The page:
As Bloomberg News reported on Thursday (May 27), Goldman was SoftBank’s fourth-largest lender for the 12-month period ending March 31, providing 593.2 billion yen, or $5.4 billion in loans. The bank wasn’t listed for the prior year.
SoftBank’s top lender from last year, Mizuho Financial Group Inc., stayed in the No. 1 spot with 850 billion yen, despite having cut back its loan exposure by 7 percent.
At No. 2: J.P. Morgan Chase, which lent 829 billion yen, more than three times as much from the prior year. It was followed by the new entrant BNP Paribas SA, which loaned SoftBank 601 billion yen. Deutsche Bank upped its lending to 376.1 billion yen, while Credit Suisse Group cut back, falling out of the top 10 after extending 176 billion yen in loans last year.
This news comes a little more than two weeks after SoftBank announced it is seeking an initial public offering (IPO) for PayPay, its QR code payment app. As PYMNTS reported at the time, SoftBank could also list its subsidiary, SB Payment Service. “We want PayPay to IPO in the future so they will become independent. … I don’t think that would be too far out,” CEO Junichi Miyakawa said during an earnings announcement on May 11.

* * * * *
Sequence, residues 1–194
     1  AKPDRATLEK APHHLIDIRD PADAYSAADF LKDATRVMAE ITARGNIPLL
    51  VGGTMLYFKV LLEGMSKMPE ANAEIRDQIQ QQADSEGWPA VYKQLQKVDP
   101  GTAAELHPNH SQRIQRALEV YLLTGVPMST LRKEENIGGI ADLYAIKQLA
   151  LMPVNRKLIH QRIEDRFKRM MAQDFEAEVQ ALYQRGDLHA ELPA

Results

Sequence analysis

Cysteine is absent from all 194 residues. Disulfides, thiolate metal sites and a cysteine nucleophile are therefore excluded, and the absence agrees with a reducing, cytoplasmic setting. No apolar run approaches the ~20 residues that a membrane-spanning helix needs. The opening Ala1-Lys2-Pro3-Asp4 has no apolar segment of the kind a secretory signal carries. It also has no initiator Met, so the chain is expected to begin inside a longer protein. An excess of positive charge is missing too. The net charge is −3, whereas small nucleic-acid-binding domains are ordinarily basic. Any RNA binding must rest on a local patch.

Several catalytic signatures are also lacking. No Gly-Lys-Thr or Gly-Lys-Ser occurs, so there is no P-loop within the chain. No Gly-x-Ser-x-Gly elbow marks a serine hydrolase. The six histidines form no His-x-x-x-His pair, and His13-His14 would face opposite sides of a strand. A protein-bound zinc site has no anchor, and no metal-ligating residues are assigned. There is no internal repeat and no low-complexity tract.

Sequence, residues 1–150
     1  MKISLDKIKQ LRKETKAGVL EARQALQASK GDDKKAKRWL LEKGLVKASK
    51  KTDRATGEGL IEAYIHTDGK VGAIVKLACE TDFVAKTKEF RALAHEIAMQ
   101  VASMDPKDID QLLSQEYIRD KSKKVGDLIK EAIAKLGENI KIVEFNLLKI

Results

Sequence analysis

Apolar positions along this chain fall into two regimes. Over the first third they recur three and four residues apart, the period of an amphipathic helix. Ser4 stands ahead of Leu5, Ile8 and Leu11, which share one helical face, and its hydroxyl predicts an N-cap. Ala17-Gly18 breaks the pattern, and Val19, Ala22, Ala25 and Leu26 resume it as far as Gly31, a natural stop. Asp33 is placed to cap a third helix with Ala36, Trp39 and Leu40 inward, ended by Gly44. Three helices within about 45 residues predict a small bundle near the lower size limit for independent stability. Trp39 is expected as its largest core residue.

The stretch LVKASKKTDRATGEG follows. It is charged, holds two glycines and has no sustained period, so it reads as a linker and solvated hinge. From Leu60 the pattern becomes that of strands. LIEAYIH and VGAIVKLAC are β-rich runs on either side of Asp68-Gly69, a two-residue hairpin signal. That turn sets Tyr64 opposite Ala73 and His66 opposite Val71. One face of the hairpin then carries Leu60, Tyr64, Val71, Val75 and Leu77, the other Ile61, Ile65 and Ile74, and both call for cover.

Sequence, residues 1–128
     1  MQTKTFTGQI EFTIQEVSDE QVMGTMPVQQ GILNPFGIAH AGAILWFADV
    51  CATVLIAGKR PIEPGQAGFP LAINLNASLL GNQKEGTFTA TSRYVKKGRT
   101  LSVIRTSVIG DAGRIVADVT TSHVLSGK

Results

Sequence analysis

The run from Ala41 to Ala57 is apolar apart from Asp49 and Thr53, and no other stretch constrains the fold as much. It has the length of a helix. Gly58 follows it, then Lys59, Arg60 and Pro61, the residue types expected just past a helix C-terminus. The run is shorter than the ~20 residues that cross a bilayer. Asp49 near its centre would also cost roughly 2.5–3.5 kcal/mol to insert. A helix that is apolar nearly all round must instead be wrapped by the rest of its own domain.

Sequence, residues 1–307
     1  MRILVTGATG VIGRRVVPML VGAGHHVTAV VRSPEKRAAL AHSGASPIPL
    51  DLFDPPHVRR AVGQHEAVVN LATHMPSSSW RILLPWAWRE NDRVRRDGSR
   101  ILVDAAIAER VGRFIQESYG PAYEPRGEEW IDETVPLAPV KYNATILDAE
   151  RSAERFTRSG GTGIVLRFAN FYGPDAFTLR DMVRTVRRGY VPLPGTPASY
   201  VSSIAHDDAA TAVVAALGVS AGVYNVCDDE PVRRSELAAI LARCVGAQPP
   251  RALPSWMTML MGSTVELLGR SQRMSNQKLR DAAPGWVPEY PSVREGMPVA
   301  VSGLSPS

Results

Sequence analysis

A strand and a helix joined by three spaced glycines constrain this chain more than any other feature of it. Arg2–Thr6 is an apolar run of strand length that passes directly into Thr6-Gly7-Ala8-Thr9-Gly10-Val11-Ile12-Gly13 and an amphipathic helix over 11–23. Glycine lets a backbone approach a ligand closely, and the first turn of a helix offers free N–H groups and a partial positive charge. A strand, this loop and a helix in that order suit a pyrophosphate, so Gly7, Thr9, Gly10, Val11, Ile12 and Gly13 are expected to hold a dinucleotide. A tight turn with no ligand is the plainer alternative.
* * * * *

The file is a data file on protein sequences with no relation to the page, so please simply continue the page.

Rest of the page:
SoftBank wants its investors to have confidence that the firm can expand into new business lines as the wireless market grows and changes. The bank, which currently offers financial services through PayPay, hopes to increase its footprint in Asia with the help of the chat app service Line, which merged with Z Holdings — another SoftBank subsidiary — earlier this year.
As PYMNTS reported in March, SoftBank has said it wants to double PayPay’s customer base over the next three to four years in a drive for a cashless economy in traditionally cash-heavy Japan. PayPay’s first three years saw it attract 36 million users, helped along by SoftBank’s rebates and sales network.